But aid officials that visited the province in recent weeks, and doctors working on the ground, told TNH that officials in the Équateur administration have still attempted to profit from the outbreak through the list of service providers – known as a liste de prestataires – which one official described as an attempt to find “jobs for the boys”.
“Many accuse the response of being politicised.”
Isidore Ekila, an official at the provincial ministry of health in Mbandaka, compared compiling the list – thought to contain more than 1,000 people, from doctors to psycho–social workers – to “gymnastics”, adding that names had been recommended by “political and administrative authorities”.
The time it has taken to finalise the list has slowed down the government’s own recruitment efforts, according to aid officials who spoke to TNH. It has also stoked community tensions in an area where perceptions of “Ebola business” already run high, according to interviews TNH conducted with more than a dozen residents.
“Many accuse the response of being politicised,” said a doctor in Mbandaka who is working in the response but asked not to be named.
Though government officials have tried to pressure humanitarians organisations into recruiting from their list, McLachlan-Karr said the “challenge” has not stopped aid agencies from rolling out the response in affected areas, adding that he had met Congolese officials to explain that the UN has its own rules for procurement and hiring and firing staff.
“Responding to dangerous diseases such as Ebola cannot be an opportunity for cronyism,” McLachlan-Karr told TNH.
Harris, meanwhile, said the WHO was aware of the list but had not seen a copy and was committed to following a “transparent” process and “standard operating procedures” for recruiting staff and procuring services.
Dense forests and a river of worry
Though the Congolese government has said it will lift COVID-19-related travel restrictions next month, aid groups said the pandemic has slowed down efforts.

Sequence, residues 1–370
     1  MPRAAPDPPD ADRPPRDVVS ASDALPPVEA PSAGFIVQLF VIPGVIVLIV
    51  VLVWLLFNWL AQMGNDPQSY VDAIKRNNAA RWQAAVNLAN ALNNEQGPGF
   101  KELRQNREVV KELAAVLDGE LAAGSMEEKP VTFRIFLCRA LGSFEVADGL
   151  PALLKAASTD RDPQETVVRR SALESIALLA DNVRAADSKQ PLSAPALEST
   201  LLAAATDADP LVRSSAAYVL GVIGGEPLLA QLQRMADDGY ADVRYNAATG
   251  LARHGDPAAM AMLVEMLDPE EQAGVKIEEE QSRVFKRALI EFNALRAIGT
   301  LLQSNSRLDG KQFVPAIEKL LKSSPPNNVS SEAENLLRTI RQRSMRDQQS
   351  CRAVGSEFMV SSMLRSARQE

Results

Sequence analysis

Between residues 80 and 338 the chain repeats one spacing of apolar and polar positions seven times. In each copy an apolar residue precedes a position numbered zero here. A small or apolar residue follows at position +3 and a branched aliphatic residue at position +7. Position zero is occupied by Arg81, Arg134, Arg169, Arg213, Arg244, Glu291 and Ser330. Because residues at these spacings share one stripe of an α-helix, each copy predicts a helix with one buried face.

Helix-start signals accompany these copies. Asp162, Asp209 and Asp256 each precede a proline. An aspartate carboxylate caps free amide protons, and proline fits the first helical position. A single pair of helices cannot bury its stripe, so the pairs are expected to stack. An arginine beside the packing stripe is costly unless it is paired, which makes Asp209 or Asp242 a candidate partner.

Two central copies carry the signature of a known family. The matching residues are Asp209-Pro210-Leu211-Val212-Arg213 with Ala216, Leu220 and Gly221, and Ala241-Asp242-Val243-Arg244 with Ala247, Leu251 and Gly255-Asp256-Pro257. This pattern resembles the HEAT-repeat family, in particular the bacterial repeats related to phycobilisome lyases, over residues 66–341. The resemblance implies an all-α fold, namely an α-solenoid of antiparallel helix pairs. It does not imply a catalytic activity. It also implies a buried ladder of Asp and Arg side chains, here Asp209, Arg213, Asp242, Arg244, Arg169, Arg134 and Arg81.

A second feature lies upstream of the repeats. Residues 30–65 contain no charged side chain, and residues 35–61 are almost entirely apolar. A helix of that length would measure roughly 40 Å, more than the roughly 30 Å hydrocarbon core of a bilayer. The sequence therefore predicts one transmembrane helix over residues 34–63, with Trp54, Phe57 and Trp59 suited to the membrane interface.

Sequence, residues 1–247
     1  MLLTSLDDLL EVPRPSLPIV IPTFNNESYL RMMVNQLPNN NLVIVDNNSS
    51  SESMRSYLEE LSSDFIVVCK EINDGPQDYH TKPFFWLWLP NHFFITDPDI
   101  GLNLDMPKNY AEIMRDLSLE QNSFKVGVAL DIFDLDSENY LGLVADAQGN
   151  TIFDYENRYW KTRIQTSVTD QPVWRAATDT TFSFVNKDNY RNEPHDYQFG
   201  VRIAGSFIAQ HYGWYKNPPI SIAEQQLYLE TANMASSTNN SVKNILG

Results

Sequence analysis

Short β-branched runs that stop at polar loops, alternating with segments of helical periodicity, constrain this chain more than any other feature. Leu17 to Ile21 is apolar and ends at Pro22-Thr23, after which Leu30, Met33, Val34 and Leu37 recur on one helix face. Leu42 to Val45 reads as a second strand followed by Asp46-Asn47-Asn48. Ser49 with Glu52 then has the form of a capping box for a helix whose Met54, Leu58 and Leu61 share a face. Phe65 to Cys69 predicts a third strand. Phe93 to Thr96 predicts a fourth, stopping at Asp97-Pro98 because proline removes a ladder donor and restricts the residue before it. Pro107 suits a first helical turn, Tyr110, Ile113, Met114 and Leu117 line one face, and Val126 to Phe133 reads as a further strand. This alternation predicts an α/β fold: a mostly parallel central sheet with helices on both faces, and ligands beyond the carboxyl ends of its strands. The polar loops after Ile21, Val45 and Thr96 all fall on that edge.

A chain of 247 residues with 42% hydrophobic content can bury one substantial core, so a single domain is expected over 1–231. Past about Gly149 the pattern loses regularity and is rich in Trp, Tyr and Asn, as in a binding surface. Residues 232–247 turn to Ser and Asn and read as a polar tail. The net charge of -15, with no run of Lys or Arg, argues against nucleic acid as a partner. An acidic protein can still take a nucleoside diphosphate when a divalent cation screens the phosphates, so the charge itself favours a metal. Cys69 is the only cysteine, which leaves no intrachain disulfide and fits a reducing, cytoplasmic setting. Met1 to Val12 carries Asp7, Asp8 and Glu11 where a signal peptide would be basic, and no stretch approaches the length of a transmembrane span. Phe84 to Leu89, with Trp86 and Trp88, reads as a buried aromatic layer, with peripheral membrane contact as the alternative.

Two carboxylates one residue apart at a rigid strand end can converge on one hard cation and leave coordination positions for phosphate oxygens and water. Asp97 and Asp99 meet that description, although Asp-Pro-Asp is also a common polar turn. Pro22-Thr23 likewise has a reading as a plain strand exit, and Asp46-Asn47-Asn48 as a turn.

The IFRC’s Ghosn said his team spends “25-30 percent of their energy and time” trying to get people and cargo in and out of the country due to restrictions. A flight containing equipment for infection, prevention, and control measures took “weeks” to arrive, he said.
Some agencies participating in the response said they had redeployed staff members and equipment from the east, though cautioned that teams are still needed to do surveillance in the old outbreak zone in case survivors relapse or infect others through their body fluids.
“It is possible that another resurgence could happen in the east,” said Michelle Chouinard, who is coordinating Ebola efforts for the Alliance for International Medical Action, or ALIMA, in Congo. “There still needs to be some surveillance and some capacity [there] to act quickly.”
Thick rainforests and unpaved roads mean responders are facing even greater logistical challenges than in the east. A helicopter supplied by the UN’s food agency, WFP, was recently sent to Mbandaka, but cars and speed boats are still needed.
Treatment centres are up and running but insufficient food supplies have resulted in some patients discharging themselves. And national stocks of an Ebola vaccine that was first rolled out in Équateur in 2018 and then deployed in the east are running thin, with just 7,000 doses available in the country, according to the WHO’s Harris, who said more should arrive soon.
Chiara Maria Frisone, a spokeswoman for UNICEF in Congo, said collaborating with local healthcare workers, community members, and traditional and religious leaders – as opposed to an “alienating top-down approach” – has helped responders build trust with residents.
But resistance to relief efforts has been a problem in some parts of the province, with civil society groups and community members who spoke to TNH citing “Ebola business”, a lack of confidence in the local authorities, and “safe and dignified” burial procedures as their main grievances.
In one recent incident, a group of young people tried to enter a treatment centre in Mbandaka to remove the body of a patient who had died, while an earlier demonstration against response efforts in the city was met by heavy-handed policing, according to residents.
Aid officials fear that if opposition to the response increases, so will the risk of “militarisation” – a common problem in the east, where long distrusted security services escorted some responders, policed treatment centres, and coerced communities to comply with Ebola care, fuelling yet more resistance.
“We have seen this happening in the past,” said Ghosn. “We know how community resistance can lead to coercion… and we are worried about that trend.”